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The Dolphins Are Trusting the Process

In trading left tackle Laremy Tunsil to the Texans for a haul of draft picks, Miami is valuing the future more than the present. As recent history has shown, it’s a strategy that could pay massive dividends down the line.

NFL: New England Patriots at Miami Dolphins Photo by Jasen Vinlove/USA TODAY Sports

The NFL season has yet to begin, but #TankForTua is already underway, and one team is lapping the field.

The Dolphins, already projected by many to be the worst team in the NFL, just traded away left tackle Laremy Tunsil and wide receiver Kenny Stills, and fleeced the GM-less Texans for a whopping package that includes two first-round picks and a second-rounder:

Tunsil is the centerpiece of the trade. He’s the player the Texans were trying to exchange Pro Bowl edge defender Jadeveon Clowney for earlier this week. Instead, the Texans sent Clowney to the Seahawks for virtually nothing and are now selling their future for Tunsil. Houston was never able to adequately protect Deshaun Watson in the passer’s first two seasons in the league, and the team has chosen to pay an astronomical price to finally give him a starting-quality left tackle. Houston is trying to maximize the team’s window while Watson is on a cheap rookie deal.

Through three seasons, Tunsil has been nothing more than a decent offensive lineman. The former 13th overall pick has never made a Pro Bowl and is generally an average player at his position: Tunsil ranked just 36th in Pro Football Focus grade last year among tackles. The Texans may believe the 25-year-old to grow has room to grow, and for what it’s worth, he’s a better pass blocker than run blocker, and Houston has a far greater need for the former. But it feels like the Texans were desperate for any kind of upgrade at tackle and were out of options, and the Dolphins leveraged them for all that was worth.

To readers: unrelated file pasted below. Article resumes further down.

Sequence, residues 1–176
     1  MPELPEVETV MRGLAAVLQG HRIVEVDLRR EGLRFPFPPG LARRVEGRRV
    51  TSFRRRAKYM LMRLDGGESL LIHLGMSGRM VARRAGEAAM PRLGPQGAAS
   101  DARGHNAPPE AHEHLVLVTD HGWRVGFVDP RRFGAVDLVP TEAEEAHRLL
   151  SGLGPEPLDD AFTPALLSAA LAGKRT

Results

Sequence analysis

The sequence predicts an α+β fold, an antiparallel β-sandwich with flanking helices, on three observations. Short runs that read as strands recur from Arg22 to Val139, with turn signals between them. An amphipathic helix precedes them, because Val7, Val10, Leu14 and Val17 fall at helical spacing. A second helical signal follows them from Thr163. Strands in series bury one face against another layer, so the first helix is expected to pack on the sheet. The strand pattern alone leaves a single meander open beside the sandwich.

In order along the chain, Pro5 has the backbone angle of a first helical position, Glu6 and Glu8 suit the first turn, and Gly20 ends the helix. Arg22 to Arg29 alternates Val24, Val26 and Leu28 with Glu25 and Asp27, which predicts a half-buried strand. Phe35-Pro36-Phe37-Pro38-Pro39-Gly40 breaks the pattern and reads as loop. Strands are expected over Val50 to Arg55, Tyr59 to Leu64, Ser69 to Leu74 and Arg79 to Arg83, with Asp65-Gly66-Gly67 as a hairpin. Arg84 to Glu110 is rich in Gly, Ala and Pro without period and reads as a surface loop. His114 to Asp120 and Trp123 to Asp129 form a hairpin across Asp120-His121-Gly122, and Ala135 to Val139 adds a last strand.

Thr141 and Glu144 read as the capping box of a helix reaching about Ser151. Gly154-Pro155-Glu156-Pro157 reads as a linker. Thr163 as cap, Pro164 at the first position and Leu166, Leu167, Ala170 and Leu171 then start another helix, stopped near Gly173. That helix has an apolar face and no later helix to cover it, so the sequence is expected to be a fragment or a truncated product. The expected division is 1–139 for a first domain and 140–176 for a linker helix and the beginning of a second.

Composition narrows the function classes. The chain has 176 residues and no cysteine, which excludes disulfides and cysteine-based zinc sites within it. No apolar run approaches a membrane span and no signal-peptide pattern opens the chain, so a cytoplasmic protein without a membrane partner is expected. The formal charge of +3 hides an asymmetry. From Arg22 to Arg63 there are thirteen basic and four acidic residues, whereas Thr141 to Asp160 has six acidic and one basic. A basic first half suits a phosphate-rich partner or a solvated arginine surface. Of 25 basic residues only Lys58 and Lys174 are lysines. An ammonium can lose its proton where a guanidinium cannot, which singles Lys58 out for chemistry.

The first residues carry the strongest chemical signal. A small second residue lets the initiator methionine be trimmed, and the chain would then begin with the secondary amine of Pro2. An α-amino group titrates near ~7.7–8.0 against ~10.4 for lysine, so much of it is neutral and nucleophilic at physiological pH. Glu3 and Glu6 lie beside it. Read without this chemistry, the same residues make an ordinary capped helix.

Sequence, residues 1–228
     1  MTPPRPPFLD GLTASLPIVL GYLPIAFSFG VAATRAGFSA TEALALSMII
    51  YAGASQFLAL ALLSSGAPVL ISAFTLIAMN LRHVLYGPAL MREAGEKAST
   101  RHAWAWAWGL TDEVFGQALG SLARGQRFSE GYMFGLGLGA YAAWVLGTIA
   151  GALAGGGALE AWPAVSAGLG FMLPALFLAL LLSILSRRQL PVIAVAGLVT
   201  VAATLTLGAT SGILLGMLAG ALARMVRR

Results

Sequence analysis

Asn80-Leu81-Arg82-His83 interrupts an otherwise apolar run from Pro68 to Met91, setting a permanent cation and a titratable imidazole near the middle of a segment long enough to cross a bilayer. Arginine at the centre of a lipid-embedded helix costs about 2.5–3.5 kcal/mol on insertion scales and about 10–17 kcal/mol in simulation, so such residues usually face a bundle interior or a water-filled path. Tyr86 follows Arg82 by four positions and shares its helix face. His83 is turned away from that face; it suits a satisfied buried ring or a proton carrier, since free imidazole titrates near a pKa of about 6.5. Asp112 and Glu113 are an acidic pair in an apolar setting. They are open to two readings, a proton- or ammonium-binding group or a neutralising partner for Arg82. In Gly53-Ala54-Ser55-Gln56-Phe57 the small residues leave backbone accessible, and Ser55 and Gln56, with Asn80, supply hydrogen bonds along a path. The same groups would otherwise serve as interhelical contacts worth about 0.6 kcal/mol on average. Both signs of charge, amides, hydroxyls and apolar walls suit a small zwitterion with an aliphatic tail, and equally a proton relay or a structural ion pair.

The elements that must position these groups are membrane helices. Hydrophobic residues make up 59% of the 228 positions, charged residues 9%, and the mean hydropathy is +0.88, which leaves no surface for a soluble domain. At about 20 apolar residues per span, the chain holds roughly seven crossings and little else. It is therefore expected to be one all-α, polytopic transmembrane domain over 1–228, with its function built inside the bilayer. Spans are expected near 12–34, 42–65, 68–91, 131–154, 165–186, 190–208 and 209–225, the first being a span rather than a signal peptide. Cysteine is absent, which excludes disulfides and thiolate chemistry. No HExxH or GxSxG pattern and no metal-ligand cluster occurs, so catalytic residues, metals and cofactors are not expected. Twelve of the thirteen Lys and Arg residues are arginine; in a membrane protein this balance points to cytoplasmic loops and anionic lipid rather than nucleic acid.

But let’s return to Miami. Normally teams don’t tank, or don’t make their tanking obvious—but there is almost no other way to interpret this move for the Dolphins. The tank is obvious, especially when there is a star quarterback on the line. Sitting at the top of 2020 draft boards is Alabama quarterback Tua Tagovailoa, who ESPN draft analyst Todd McShay called “a special talent” earlier in August. Even if the Dolphins aren’t specifically targeting Tua—and a lot would have to go perfectly for both Miami to end up with the no. 1 pick and Tua to be the no. 1 player by the 2020 draft—Miami is following the Browns’ plan of tanking. The Dolphins are now flush with draft picks for the next two seasons:

This haul isn’t unlike what Cleveland just pulled off by turning extra firsts from the Texans (via the Deshaun Watson trade) and Eagles (via the Carson Wentz trade) into the young core that makes the Browns the most intriguing team in football entering 2019. But Cleveland’s stunning rebuild wouldn’t have been possible without their 1-31 stretch through the 2016 and 2017 seasons, which ultimately netted the team the prized jewel in their rebuild: 2018 no. 1 overall pick Baker Mayfield.

In that area, the Dolphins too are primed to succeed (or, uh, fail). This roster has few standouts, including Pro Bowl corner Xavien Howard, but little else to get excited about. Following the Tunsil trade, the Miami offensive line is made up of former undrafted free agents and longtime ineffective starters. The defensive is being held together by duct tape. The Dolphins may not pull off the Browns’ 0-16 disaster, but they’ll lose plenty of games and are easily the early favorite for the top pick in 2020. Even if another team beats Miami to the top of the draft, there is always the possibility the Dolphins tank extends another season and they get Clemson passer Trevor Lawrence, the way-too-early top prospect for the 2021 draft.

It wasn’t too long ago that the Dolphins seemingly had no plan. Now their path forward is clear: Miami is the latest team to adopt the Process.